%11 - indicates that CA certificate is certificate object in AD CS
With Windows CA you should assert %4 variable within URI. This is important when you renew CA's certificate. After CA certificate renewal, CA server will maintain both certificates, previous and renewed. To differentiate them, CA server will include certificate index in the parentheses. For example you have specified the following URI: 2:http://eu.company.com/MyCA%4.crt
In a given example CA server with initial CA certificate will publish the following URI in the issued certificates AIA extension: http://eu.company.com/MyCA.crt
Once CA certificate is renewed, CA certificate will generate new CRT file with corresponding index and in newly issued certificates the following URI will be published: http://eu.company.com/MyCA(1).crt
Subsequent CA certificate renewals will cause URI update accordingly.
This allows clients to build correct certificate chains for previously and newly issued certificates. Also you don't need to change CRT file location after CA certificate renewal, because CA server will automatically place correct CA certificate file name.
Note: Windows PKI supports the following URI formats.
for CA certificate publishing:
UNC or absolute physical paths are no longer supported.
for CA certificate retrieval:
Note: ldap:///<DirectoryAccessProtocolPath> URI type assumes Active Directory usage and must contain forest root domain domain component (DC=...) within LDAP path. This may cause big retrieval delays. Since Active Directory may contain many domain controllers and specified in LDAP URI content is automatically replicated between all domain controllers in the current forest. To simplify content retrieval from Active Directory CryptoAPI may not contact forest root domain, but contact nearest to client domain controller. Nearest domain controller is placed in $env:LogonServer system variable (or %LogonServer% in CMD syntax).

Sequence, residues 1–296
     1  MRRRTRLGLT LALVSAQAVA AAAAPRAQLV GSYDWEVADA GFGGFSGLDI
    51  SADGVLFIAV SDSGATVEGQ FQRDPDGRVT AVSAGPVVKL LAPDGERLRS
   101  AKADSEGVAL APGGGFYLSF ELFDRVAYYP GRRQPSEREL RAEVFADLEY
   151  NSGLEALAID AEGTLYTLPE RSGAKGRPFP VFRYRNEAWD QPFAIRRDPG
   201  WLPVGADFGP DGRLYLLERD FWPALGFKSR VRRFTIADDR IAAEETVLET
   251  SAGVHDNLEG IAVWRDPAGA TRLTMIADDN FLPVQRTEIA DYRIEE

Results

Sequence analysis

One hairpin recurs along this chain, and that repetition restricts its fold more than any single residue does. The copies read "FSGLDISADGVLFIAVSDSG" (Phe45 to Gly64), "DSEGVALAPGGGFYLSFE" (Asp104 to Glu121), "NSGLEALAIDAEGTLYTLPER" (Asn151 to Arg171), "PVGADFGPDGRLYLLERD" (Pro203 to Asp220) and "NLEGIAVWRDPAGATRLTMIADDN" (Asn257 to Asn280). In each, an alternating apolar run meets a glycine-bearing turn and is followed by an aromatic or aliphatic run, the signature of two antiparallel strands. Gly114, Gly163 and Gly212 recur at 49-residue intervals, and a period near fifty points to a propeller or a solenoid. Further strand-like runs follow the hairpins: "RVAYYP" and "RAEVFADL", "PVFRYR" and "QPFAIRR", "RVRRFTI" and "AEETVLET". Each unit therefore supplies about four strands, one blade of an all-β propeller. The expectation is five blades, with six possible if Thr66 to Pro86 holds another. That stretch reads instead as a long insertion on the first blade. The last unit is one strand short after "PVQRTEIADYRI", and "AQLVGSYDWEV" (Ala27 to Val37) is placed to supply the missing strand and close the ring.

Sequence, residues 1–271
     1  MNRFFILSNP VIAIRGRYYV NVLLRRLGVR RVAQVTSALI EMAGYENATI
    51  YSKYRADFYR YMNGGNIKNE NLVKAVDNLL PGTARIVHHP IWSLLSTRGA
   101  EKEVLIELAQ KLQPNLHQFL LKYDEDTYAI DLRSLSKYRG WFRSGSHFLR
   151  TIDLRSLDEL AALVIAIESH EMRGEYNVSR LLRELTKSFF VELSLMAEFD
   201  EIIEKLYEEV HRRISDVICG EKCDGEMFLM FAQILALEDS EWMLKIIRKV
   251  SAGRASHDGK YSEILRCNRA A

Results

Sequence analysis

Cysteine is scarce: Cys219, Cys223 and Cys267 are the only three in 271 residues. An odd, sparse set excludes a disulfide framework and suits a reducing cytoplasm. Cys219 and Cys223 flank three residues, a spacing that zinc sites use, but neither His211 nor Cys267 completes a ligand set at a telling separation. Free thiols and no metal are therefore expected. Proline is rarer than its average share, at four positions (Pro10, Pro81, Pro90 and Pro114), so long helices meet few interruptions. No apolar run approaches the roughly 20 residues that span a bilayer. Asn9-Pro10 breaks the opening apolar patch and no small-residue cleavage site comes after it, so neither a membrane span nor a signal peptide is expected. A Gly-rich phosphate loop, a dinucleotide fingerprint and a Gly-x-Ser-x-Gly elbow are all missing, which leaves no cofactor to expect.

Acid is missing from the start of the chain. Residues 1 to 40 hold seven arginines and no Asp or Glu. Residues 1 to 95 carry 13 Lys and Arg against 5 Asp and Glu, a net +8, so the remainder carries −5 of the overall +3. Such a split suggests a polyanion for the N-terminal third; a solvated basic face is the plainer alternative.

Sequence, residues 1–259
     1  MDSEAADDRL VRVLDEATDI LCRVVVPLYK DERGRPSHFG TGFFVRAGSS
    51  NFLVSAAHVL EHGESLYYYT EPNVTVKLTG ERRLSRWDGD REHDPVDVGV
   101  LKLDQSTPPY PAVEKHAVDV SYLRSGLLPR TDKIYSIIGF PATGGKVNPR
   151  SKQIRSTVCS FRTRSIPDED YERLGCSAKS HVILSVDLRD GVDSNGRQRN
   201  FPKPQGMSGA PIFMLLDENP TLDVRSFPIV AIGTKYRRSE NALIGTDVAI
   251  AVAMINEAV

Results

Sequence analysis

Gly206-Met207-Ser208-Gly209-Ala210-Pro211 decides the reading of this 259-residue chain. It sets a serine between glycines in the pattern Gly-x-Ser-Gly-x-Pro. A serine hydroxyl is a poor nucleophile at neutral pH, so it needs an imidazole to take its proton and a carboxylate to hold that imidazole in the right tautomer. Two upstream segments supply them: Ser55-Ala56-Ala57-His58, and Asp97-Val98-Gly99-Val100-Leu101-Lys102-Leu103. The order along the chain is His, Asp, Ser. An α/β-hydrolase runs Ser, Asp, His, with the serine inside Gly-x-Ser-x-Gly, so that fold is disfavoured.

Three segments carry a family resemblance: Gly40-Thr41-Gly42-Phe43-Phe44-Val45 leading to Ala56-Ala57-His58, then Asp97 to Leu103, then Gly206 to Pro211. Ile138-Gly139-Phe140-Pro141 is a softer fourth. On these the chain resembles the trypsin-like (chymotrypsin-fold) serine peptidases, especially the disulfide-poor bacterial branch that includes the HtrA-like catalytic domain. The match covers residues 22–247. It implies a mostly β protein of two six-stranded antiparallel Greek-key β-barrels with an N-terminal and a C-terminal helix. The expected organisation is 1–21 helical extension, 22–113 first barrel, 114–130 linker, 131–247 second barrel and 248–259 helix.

Also Windows PKI supports another form of LDAP URIs with host name: ldap://<hostname>/path?query
In this case client will not contact domain controller, but specified host directly. Unlike ldap:/// URI form, ldap://<hostname> may use 3rd party LDAP-compatible directory. Automatic content (CA certificate or certificate revocation list) publishing to such directories is not supported. You will have to manually publish CA certificates to these directories by using external means.
|Accept pipeline input?||false|
|Accept wildcard characters?||False|
This cmdlet supports the common parameters: Verbose, Debug,
ErrorAction, ErrorVariable, InformationAction, InformationVariable,
WarningAction, WarningVariable, OutBuffer, PipelineVariable and OutVariable.
For more information, see about_CommonParameters (http://go.microsoft.com/fwlink/?LinkID=113216).
Author: Vadims Podans
PS C:\> Get-CertificationAuthority -Name MyCA | Get-AIA | Add-AuthorityInformationAccess -URI "2:http://eu.company.com/MyCA%4.crt" | Set-AuthorityInformationAccess -RestartCA
This example will retrieve AIA extension configuration from 'MyCA' CA server and adds new URI that will be published in all issued certificates. After configuration is changed, the command will restart certificate services to immediately apply changes.
PS C:\> Get-CertificationAuthority -Name RootCA | Get-AuthorityInformationAccess | Add-AuthorityInformationAccess -URI "32:http://na.company.com/OCSP" | Set-AuthorityInformationAccess -RestartCA
This example will retrieve AIA extension configuration from 'RootCA' CA server and adds new URI that will be published in all issued certificates as OCSP location. After configuration is changed, the command will restart certificate services to immediately apply changes.